You almost couldn't find more suitable casting than Mickey Roarke and Kim Bassinger. Roarke plays John, a sexually-driven finance executive who is not satisfied with winning over the woman he wants. He craves continual heightened sexual excitement from his "lady friend". And he uses subtle coercion to achieve his goals. For Elizabeth, played by Bassinger, John is the ideal lover. He makes her breakfast, buys her clothes, brushes her hair. He takes care of her in an interesting role reversal. But nothing is free. In return, John wants Elizabeth to be in his complete control and engage in sensuous sex games. And each game is more intense than the last.

At first the games seem innocent enough. He likes to blindfold her and play a touchy-feely game in which he introduces objects that she feels and/or tastes. But then the requests become more intense. He wants her to enact a strip-tease, to dress in a certain way without her consent, and to receive a spanking for being a "nosey parker". They have sex in the oddest of places, sometimes engaging in intimate contact in public. At first Elizabeth enjoys the attention and the excitement until she begins to lose the sense of herself as the relationship intensifies. And John eventually goes too far.

At one poignant moment in the film, Elizabeth speaks with an artist-recluse. Because her job is at an art gallery, she helps coordinate artists for exhibitions. When she finds him in a rural area, she asks him if he remembered that his exhibition is coming up. He replies that when he is hungry he remembers to eat and when he is tired he remembers to sleep. She has lost the simpler pleasures of life, and this old man reminds her of that.

Late in the film there is an interesting scene where Elizabeth's former boyfriend comes to the place she works--not to see her but he is now dating one of her co-workers. He's a plain man who does not have nearly the sexual allure of Roarke. But he seems kind and honest. Liz watches her co-worker and her former boyfriend leave and there is an expression on her face that speaks volumes: maybe she misjudged him after-all. For a moment, the two stare at each other from a distance, and you get the feeling that she was the one who left him. He is not the Mr Exciting that John is, but maybe he has other qualities that John could never have.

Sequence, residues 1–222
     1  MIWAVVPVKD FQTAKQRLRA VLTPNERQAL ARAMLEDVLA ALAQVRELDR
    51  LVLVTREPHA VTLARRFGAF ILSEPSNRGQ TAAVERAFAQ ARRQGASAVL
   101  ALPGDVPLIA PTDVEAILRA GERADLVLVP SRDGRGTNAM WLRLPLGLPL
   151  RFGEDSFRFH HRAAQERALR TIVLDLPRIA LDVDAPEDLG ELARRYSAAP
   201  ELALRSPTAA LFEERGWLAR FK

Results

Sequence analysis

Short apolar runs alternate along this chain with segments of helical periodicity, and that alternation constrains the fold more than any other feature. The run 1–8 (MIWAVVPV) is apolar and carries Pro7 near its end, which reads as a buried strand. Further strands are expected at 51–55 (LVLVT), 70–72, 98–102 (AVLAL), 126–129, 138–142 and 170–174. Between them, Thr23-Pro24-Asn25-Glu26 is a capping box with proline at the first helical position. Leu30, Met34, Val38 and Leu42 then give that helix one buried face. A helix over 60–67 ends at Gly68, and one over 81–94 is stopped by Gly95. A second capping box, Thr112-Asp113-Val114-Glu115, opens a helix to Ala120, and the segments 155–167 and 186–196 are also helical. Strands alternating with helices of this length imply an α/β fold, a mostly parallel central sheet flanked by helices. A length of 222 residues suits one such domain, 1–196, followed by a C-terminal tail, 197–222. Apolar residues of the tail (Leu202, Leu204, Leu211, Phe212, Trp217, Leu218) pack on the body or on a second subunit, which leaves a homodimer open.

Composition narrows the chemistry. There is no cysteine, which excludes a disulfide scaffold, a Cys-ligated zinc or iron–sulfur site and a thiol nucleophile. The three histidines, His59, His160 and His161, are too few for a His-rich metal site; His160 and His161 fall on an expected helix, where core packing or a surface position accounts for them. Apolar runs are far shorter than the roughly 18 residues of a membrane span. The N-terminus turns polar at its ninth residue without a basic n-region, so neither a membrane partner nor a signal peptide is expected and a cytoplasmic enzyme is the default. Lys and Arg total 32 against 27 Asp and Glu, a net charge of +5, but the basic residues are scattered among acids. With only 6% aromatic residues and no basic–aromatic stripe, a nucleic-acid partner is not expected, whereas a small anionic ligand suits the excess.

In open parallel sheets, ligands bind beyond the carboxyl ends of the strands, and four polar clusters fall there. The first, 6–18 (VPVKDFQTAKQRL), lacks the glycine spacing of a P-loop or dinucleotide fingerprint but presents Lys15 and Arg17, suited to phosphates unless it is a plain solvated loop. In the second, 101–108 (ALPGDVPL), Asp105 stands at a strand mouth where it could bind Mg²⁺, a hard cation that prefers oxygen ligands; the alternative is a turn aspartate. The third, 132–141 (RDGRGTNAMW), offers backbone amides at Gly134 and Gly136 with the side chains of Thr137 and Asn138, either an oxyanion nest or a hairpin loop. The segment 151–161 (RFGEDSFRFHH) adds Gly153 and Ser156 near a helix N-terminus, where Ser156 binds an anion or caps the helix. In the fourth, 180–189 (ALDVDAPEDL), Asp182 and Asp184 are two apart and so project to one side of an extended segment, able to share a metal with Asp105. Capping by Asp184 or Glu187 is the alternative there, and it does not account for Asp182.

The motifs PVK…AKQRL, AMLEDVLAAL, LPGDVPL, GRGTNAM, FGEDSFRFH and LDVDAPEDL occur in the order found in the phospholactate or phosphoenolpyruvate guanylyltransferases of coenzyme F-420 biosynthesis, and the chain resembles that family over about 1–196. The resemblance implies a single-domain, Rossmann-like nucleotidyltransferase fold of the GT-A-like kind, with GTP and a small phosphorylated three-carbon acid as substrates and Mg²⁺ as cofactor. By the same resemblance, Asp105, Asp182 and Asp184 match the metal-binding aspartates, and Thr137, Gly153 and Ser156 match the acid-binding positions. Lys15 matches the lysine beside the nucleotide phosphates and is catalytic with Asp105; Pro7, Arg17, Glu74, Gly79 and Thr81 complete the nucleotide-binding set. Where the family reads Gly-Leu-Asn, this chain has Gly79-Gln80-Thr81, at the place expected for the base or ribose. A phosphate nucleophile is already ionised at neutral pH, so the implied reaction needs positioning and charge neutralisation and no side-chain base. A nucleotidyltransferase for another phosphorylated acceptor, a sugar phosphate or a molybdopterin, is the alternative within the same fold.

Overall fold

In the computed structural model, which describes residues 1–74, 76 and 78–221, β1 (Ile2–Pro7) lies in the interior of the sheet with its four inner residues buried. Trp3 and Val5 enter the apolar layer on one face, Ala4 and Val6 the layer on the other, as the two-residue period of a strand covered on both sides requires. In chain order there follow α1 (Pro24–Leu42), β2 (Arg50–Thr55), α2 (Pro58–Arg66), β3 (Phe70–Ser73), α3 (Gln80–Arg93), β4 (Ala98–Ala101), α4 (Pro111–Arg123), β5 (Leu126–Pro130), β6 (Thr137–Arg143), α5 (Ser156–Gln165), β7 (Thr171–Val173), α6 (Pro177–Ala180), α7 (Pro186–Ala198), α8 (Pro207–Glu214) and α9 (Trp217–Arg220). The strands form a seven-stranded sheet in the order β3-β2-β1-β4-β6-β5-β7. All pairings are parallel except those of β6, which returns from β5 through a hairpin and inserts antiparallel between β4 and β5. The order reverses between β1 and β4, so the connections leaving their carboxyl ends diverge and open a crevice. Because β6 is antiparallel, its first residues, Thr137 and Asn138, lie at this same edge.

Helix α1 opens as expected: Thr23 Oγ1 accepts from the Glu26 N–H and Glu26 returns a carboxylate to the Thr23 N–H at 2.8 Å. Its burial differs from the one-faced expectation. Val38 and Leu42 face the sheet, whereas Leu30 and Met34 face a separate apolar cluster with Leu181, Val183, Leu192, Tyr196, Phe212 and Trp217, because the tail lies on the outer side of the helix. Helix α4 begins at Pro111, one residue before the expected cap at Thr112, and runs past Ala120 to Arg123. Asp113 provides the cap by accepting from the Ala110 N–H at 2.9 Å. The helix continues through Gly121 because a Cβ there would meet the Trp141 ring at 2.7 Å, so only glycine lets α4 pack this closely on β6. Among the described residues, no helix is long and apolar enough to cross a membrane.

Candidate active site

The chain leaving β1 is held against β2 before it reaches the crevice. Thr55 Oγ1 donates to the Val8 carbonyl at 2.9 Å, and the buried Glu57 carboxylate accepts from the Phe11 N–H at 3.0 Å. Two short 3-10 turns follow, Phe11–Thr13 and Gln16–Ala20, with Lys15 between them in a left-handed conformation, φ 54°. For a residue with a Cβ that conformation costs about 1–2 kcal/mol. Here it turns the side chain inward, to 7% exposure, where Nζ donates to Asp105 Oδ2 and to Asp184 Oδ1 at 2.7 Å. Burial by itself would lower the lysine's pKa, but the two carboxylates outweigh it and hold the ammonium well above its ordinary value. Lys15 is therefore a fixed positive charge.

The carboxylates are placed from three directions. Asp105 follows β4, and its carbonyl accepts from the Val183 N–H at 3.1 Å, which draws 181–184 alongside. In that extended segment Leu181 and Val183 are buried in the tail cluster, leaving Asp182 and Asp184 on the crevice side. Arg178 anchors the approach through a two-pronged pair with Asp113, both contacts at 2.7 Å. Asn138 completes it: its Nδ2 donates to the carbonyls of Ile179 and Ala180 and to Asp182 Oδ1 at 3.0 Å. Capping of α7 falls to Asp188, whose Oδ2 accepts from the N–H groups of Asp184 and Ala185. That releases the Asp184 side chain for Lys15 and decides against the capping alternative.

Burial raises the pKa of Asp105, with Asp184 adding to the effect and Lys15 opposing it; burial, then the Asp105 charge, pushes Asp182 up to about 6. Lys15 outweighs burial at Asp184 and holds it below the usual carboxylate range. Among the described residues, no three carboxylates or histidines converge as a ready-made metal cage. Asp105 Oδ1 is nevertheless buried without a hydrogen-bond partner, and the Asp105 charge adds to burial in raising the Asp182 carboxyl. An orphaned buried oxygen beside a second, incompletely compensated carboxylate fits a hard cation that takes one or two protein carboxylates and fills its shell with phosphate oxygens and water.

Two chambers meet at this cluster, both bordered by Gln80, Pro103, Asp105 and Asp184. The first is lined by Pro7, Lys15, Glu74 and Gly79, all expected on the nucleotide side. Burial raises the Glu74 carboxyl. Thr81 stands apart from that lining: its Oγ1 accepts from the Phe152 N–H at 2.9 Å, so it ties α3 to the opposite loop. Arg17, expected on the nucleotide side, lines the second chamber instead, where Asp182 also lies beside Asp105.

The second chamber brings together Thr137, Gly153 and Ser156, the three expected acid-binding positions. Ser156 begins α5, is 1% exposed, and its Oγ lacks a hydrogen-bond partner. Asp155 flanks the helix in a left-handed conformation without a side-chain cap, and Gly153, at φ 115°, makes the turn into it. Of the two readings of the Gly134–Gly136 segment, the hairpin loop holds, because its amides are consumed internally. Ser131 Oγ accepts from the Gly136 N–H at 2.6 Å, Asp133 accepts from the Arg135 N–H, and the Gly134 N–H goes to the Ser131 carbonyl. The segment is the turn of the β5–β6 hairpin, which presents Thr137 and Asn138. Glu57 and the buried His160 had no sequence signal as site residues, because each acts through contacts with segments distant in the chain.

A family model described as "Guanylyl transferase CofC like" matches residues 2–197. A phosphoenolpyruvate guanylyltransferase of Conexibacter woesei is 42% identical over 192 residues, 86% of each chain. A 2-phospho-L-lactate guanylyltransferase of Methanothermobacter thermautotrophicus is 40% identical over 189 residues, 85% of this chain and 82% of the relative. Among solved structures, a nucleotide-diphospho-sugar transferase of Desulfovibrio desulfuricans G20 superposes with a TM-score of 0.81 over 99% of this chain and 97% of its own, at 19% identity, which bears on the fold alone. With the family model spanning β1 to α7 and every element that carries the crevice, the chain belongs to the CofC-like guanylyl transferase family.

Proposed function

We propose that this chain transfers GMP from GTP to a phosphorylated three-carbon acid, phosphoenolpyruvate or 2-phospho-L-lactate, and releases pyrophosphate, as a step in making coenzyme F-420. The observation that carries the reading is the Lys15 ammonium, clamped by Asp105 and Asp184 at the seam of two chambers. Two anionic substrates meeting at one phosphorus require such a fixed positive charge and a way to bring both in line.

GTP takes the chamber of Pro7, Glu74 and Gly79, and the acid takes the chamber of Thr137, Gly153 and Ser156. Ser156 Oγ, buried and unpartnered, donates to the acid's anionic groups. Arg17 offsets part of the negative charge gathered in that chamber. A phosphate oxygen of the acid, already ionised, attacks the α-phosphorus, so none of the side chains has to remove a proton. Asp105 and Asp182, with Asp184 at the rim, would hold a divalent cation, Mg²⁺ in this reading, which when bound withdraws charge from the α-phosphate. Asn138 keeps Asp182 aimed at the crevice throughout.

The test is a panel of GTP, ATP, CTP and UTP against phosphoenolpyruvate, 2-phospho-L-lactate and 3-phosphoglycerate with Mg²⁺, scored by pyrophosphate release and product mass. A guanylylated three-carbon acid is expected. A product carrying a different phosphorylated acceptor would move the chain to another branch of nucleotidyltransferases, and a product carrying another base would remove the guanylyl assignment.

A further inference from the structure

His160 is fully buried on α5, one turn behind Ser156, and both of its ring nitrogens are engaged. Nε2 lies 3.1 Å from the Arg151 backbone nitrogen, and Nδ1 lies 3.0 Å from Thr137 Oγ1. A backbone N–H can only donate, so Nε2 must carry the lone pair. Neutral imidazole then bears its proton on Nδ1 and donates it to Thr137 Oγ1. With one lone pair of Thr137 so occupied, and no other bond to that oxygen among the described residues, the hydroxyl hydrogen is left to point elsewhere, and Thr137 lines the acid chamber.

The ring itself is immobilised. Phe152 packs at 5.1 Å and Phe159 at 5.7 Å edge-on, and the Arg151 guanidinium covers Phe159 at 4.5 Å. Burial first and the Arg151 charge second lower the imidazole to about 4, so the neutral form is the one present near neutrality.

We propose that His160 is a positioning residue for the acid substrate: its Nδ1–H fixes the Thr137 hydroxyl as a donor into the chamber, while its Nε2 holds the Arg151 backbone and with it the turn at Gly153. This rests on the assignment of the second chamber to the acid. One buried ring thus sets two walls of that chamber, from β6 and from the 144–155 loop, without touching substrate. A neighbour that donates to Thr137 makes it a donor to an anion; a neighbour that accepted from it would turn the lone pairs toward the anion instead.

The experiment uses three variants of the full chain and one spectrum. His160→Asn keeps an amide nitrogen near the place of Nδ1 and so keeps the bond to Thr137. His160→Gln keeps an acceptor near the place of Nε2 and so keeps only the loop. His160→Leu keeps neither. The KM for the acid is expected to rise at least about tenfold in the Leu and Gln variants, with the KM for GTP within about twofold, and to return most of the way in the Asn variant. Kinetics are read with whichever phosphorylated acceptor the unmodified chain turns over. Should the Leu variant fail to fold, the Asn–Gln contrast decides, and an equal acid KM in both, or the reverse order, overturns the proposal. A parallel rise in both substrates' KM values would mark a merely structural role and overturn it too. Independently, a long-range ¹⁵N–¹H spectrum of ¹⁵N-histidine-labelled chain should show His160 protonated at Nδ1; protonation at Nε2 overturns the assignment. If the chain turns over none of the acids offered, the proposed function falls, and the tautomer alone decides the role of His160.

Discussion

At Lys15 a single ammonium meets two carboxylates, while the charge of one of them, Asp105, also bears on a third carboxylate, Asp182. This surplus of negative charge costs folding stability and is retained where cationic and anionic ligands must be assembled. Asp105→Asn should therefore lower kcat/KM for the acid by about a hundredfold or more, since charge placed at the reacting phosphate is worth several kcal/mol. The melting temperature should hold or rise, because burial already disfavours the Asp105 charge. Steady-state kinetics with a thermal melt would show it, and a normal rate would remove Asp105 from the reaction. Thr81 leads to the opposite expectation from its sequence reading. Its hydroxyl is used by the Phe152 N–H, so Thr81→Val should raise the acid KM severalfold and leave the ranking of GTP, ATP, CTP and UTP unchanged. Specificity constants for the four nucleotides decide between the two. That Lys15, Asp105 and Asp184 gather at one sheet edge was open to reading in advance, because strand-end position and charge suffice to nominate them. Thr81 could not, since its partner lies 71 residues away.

This is quite a stunning film, certainly not for all tastes, and some of the steamy sex scenes could be misinterpreted as being only for pornographic sake. What saves it are the incredible and absolutely believable performances by the two leads, Roarke and Bassinger which strangely complement one another. Roarke plays his character right on the money, always enigmatic, never raising his voice, but always mysterious. His character is always just outside of reach. He constantly smiles, even when he is noticeable disappointed. Basinger is a perfect complement as one of the few actresses left who can be vulnerable and elicit a willingness to be under control that you don't see in many female performances anymore. Despite what may appear to be pornography, there is a point to the film I think, and that is that constant sexual control and nurturing relationships mix like oil and water. In the end you wonder if it was all a game.

Reviewed by brandonsites1981 N/A

* * *1/2 out of 4.

Two successful, but lonely yuppies embark on a sexual odessey for 9 and a 1/2 weeks. All people seem to talk about when it comes to this movie is about the sex scenes and the nudity in the film. This film is not about sex and nudity in my opinion. It is about control and power. I found this film to be intelligent and stylishly done and yes very erotic. Rourke and Basinger make a steamy couple and the ending and the events that unfolded in the film lingered with me long afterwards and left me thinking for a while. This is one film that actually seems to have gotten better with time.